From the Archives: When Simon Cowell became the guy everyone loved to hate
In 2002, Times reporter Susan King interviewed “American Idol” personnel, including producer and then-judge Simon Cowell about the show, its critics and its singular brand of criticism.
BMG Records executive Simon Cowell became the guy everyone loved to hate last year as the acerbic judge on the successful British TV series “Pop Idol.” And now the Englishman will be offering up critical barbs on the U.S. version of the unscripted series “American Idol: The Search for a Superstar,” premiering Tuesday on Fox.
During one of the auditions, for example, he tells a young hopeful that she should hire a lawyer so she can sue her vocal coach.
Cowell says he’s just trying to give the contestants, ages 16-24, “constructive” criticism.
FULL COVERAGE: Saying farewell to ‘American Idol’
“I am not there to stop someone from chasing their dream,” he says. “If they believe they are great, good luck to them. But if they come to our audition and they want to be told the truth, they will be told.”
More than 10,000 singers have auditioned for “American Idol” at talent searches held in Los Angeles, Seattle, Chicago, New York, Atlanta, Dallas and Miami. Besides Cowell, the judges include singer Paula Abdul and Randy Jackson, a Grammy Award-winning music industry veteran and former executive at MCA Records. KYSR-FM (98.7) afternoon DJ Ryan Seacrest and comic actor Brian Dunkleman are the hosts.
Following the two-part premiere, viewers will determine each week whether constants advance to the next round by casting their votes via phone. The winner will receive a recording contract with RCA.
Cowell has found that contestants are a bit more aggressive here than in England. Though he was once threatened by a rejected contestant in the U.K., he admits he almost got beaten up after the New York audition by three participants who were angered by his comments.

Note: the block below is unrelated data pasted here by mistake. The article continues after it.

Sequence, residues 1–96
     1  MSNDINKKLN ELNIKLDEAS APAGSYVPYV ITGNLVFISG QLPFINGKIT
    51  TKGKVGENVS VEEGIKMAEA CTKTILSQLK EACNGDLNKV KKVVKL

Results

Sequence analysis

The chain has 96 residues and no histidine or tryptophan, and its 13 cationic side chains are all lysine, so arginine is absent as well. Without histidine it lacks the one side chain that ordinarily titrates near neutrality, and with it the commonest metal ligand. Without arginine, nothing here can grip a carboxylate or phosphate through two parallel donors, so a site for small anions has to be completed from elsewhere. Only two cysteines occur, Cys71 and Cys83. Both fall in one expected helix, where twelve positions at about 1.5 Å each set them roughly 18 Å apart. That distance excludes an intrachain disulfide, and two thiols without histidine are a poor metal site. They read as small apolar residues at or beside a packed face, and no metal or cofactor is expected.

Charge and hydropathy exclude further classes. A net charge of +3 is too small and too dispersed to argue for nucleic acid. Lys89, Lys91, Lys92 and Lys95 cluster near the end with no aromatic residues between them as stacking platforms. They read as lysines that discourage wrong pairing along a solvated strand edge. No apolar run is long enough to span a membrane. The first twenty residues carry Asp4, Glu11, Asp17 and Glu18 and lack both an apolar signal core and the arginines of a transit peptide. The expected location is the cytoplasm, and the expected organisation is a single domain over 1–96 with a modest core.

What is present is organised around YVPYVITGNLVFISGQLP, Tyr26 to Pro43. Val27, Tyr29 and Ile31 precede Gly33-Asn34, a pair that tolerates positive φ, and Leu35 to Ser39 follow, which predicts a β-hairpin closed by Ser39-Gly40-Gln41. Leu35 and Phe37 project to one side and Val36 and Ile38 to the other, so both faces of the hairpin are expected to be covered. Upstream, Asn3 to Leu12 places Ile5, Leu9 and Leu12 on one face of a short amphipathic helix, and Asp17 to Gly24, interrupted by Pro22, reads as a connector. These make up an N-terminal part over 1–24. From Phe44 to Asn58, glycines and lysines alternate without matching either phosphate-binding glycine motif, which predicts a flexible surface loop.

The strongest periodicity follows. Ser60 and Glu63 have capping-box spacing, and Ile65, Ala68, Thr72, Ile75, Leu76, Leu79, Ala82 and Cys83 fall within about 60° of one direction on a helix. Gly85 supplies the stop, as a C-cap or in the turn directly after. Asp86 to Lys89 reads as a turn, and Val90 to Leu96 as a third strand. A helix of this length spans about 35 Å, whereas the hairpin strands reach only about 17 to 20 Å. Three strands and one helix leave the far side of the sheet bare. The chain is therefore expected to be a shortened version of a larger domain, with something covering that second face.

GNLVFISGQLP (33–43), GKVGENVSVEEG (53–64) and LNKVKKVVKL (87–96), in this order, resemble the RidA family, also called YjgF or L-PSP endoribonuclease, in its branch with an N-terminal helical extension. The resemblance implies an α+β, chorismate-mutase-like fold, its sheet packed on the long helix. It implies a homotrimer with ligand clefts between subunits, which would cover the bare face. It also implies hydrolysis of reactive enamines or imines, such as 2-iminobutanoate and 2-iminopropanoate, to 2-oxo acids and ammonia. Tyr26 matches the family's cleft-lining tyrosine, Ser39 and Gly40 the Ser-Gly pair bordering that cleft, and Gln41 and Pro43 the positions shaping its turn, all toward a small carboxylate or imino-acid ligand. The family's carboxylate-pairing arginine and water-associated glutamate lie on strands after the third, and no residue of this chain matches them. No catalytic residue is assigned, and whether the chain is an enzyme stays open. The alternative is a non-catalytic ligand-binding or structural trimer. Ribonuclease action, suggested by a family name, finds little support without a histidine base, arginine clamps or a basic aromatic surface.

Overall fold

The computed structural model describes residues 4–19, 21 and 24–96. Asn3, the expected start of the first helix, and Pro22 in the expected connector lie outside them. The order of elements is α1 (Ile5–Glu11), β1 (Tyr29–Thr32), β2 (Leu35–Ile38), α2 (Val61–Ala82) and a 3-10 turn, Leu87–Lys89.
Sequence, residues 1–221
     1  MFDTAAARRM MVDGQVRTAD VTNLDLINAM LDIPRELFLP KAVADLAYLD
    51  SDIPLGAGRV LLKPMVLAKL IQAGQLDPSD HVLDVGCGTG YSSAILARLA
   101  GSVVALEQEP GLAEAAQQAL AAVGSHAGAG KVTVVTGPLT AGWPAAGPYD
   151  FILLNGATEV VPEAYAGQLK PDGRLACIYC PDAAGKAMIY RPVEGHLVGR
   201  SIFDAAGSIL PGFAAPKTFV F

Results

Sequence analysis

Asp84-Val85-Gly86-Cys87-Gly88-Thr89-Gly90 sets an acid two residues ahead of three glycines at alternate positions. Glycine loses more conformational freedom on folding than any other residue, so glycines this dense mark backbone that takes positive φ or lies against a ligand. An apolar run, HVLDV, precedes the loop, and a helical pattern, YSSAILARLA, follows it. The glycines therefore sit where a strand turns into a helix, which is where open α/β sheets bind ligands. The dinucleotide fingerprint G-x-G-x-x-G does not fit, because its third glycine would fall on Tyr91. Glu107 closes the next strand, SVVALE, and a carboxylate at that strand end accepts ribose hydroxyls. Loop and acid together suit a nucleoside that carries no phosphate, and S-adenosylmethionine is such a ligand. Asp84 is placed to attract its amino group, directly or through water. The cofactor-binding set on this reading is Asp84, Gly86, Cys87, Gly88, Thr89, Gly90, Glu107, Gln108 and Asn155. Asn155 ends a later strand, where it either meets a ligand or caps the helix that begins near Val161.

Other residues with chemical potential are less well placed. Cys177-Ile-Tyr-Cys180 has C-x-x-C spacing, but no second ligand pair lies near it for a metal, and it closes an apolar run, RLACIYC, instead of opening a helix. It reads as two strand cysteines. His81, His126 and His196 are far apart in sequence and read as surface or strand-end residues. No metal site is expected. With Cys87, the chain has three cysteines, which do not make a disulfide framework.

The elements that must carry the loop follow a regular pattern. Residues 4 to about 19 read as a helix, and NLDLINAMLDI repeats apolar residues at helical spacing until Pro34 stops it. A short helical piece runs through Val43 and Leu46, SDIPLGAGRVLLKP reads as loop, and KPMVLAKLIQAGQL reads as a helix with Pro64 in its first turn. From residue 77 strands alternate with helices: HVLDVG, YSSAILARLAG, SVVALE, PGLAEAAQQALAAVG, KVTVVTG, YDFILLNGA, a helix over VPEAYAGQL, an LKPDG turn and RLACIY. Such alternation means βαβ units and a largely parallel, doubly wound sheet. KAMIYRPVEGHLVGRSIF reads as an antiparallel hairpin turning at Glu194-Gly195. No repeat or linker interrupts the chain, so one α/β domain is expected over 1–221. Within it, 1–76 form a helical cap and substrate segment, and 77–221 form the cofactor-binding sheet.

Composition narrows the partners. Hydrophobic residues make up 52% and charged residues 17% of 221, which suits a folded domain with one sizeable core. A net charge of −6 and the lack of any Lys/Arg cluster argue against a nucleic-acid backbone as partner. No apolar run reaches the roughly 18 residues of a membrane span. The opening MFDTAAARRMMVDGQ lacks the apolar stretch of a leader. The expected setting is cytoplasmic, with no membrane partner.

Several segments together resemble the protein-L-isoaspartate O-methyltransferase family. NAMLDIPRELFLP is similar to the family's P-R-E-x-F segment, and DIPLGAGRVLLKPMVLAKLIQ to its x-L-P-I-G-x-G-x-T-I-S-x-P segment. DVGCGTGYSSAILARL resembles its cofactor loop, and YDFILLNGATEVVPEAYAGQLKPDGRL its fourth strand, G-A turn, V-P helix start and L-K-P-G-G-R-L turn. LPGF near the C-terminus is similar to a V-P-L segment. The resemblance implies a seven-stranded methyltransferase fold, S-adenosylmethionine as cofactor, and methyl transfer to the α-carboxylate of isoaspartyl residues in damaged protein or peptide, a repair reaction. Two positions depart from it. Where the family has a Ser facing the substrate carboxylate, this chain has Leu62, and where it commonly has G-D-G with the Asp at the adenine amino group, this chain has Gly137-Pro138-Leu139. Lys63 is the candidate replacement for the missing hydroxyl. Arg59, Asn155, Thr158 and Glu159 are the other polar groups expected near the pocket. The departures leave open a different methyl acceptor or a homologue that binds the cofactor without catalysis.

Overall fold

Fox has announced that “American Idol” will go off the air after its 15th season next spring. Here’s a look back at the “Idol” winners over the years and what they’re up to now.
Shown from left:
Caleb Johnson auditioned three times for “American Idol,” finally making it into Season 13 and eventually being declared the winner. Right after his triumph, he began working on his debut post-”Idol” album, collaborating with several musicians over three weeks. “Testify” was released on Aug. 12, 2014, making it the quickest album to be released by an “American Idol” winner. He had his first headlining show since “Idol” in October, and has gone on to perform in Vegas. A new music video for his song “Fighting Gravity” was released in March.(Paul A. Hebert / Invision / AP)
On May 16, 2013, Candice Glover won the 12th season of “American Idol.” Her debut album, “Music Speaks,” along with her debut single, “I am Beautiful,” were immediately available for pre-order — a first for the “Idol” franchise. The album was released on Feb. 18, 2014. In its first week “I Am Beautiful” made it to No. 93 on the Billboard Hot 100. Glover performed on “The Tonight Show With Jay Leno,” toured with “American Idols Live” and is reported to be working on a second album for 2015.(Dan Hallman / Invision / AP)
Scotty McCreery took home the “Idol” win in 2011, and the country crooner hit the road with his fellow contestants before releasing “Clear as Day” in October. The album was an instant hit, going to No. 1 on the Billboard 200. His second album, “Christmas With Scotty McCreery,” was released on Oct. 16, 2012, and debuted at No. 4 on the Billboard 200, selling 41,000 copies in the first week. His third album, “See You Tonight,” was released in 2013 and its title single was in the top 10 on Billboard’s Hot Country Songs chart. An avid sports fan, McCreery began blogging for Major League Baseball. He is scheduled as one of several opening acts on Rascal Flatts’ 2015 Riot Tour.(Frazer Harrison / Getty Images)
Lee DeWyze has suffered a few blows since his first album, “Live It Up,” was released in 2010. He landed in a heated Twitter feud with “American Idol” producer Nigel Lythgoe after he passed on the chance to present Scotty McCreery as the winner on the Season 10 finale. A few months later he was dropped by his record label, RCA Records. On the bright side, he spent much of 2011 touring internationally, and the Illinois native got engaged to girlfriend Jonna Walsh in July 2011. The couple married in fall 2012. He released “What Once Was” in 2012 and his most recent album, “Frames” in 2013.(Stephen Lovekin / Getty Images)